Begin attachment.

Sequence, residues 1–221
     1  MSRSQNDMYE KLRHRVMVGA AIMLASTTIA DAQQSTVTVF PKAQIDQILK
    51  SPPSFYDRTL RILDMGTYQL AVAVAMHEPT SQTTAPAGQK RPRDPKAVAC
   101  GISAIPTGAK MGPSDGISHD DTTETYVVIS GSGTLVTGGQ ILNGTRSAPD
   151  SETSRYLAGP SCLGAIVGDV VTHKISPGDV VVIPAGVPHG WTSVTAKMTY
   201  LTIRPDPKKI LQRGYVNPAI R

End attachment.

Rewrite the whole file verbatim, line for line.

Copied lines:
Sequence, residues 1–221
     1  MSRSQNDMYE KLRHRVMVGA AIMLASTTIA DAQQSTVTVF PKAQIDQILK
    51  SPPSFYDRTL RILDMGTYQL AVAVAMHEPT SQTTAPAGQK RPRDPKAVAC
   101  GISAIPTGAK MGPSDGISHD DTTETYVVIS GSGTLVTGGQ ILNGTRSAPD
   151  SETSRYLAGP SCLGAIVGDV VTHKISPGDV VVIPAGVPHG WTSVTAKMTY
   201  LTIRPDPKKI LQRGYVNPAI R